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How to Stop Negative Thoughts


Updated July 03, 2014

Magnification and Minimization:
Scott is playing football. He bungles a play that he's been practicing for weeks. He later scores the winning touchdown. His teammates compliment him. He tells them he should have played better; the touchdown was just dumb luck.

Have you ever looked through a telescope from the wrong direction? Everything looks tinier than it really is. When you look through the other end, everything looks larger. People who fall into the magnification/minimization trap look at all their successes through the wrong end of the telescope and their failures through the other end.

What can you do to stay away from this error and stop your negative thoughts? Remember the old saying, "He can't see the forest for the trees?" When one mistake bogs us down, we forget to look at the overall picture. Step back and look at the forest now and then. Overall, Scott played a good game. So what if he made a mistake?

Emotional Reasoning:
Laura looks around her untidy house and feels overwhelmed by the prospect of cleaning. She feels that it's hopeless to even try to clean.

Laura has based her assessment of the situation on how it makes her feel not how it really is. It may make her feel bad to think of the large task ahead of her, but is it really hopeless? In reality, cleaning her house is a doable task. She just doesn't feel up to it. She has reached the conclusion that it is useless to try based on the fact that it overwhelms her.

When a situation feels overwhelming, try this to stop your negative thoughts: Break down the task down into smaller ones. Then prioritize what is most important to you. Now, do the first task on your list. Believe it or not, you will begin to feel better and ready for more. The important thing is to just do something towards your goal. No matter how small, it's a start and will break you out of feeling helpless.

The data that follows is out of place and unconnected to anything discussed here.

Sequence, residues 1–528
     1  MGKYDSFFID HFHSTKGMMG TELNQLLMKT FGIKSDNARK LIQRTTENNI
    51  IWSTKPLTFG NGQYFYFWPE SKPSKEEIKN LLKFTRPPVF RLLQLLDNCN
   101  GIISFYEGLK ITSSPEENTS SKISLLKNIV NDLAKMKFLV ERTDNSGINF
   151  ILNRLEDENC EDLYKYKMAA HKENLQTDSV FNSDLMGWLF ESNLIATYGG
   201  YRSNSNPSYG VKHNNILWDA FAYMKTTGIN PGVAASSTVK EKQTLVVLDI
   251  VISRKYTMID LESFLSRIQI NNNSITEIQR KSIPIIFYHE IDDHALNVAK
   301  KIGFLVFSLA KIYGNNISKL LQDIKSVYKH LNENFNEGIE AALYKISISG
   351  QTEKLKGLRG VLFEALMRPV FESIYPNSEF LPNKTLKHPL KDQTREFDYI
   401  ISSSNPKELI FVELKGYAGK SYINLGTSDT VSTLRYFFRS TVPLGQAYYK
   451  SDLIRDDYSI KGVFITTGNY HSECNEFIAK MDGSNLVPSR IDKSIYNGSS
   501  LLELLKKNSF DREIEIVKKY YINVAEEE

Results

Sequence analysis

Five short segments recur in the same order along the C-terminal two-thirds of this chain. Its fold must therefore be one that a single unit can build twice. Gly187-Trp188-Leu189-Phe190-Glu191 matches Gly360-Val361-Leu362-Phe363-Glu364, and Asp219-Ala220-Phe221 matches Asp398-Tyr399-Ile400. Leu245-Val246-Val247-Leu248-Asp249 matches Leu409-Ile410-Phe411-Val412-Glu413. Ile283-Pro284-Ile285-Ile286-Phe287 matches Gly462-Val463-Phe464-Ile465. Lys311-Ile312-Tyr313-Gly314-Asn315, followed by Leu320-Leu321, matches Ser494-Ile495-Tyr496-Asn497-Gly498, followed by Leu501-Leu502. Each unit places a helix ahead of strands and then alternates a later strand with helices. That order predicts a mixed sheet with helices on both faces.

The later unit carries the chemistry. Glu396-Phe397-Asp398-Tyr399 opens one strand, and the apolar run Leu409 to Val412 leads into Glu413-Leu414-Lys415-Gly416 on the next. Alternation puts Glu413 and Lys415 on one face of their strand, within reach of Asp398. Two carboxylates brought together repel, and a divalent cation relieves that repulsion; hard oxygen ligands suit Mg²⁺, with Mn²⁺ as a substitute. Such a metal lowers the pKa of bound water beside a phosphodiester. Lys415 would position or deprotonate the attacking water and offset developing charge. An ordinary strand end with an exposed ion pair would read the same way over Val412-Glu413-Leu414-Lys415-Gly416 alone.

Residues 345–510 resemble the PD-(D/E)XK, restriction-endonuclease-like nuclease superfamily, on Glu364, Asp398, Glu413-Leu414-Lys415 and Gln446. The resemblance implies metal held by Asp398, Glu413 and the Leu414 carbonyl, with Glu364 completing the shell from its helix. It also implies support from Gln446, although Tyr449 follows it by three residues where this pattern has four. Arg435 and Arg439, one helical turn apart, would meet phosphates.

Should Statements:
David is sitting in his doctor's waiting room. His doctor is running late. David sits stewing, thinking, "With how much I'm paying him, he should be on time. He ought to have more consideration." He ends up feeling bitter and resentful.

We all think things should be a certain way, but let's face it, they aren't. Concentrate on what you can change and if you can't change it, accept it as part of life and go on. Your mental health is more important than "the way things should be."

Labeling and Mislabeling:
Donna just cheated on her diet. I'm a fat, lazy pig she thinks.

What Donna has done is label herself as lazy and hopeless. She most likely will reason that since she can't lose weight, she may as well eat. She has now effectively trapped herself by living up to the label she placed on herself. When we label ourselves, we set ourselves up to become whatever that label entails. This can just as easily work to our advantage.

Here's what Donna could have done to make labeling work in her favor. She could have considered the fact that up until now she has been strong. She could then forgive herself for only being human and acknowledge that she has been working hard to lose weight and has been succeeding. This is a temporary setback that she can overcome. Overall, she is a strong person and has proven it by her successful weight loss. With this type of positive thinking, Donna will feel better and be back to work on her weight loss goals in no time.

Jean's son is doing poorly in school. She feels that she must be a bad mother. It's all her fault that he isn't studying.

Jean is taking all the responsibility for how her son is doing in school. She is failing to take into consideration that her son is an individual who is ultimately responsible for himself. She can do her best to guide him, but in the end he controls his own actions. Next time you find yourself doing this, ask yourself, "Would I take credit if this person were doing something praiseworthy? Chances are you'd say, "No, he accomplished that by himself." So why blame yourself when he does something not-so praiseworthy? Beating yourself up is not going to change his behavior. Only he can do that.

The solutions I've presented here are some of the common situations we find ourselves in. Take these as examples and create your own positive solutions to your negative thoughts. Recognizing that you do it is the first step. Then play devil's advocate and challenge yourself to find the positive. Turn your thoughts around and your moods will follow suit. Remember, you are what you think!


Burns, David D. Feeling Good: The New Mood Therapy. Avon Books : New York, NY, 1999.

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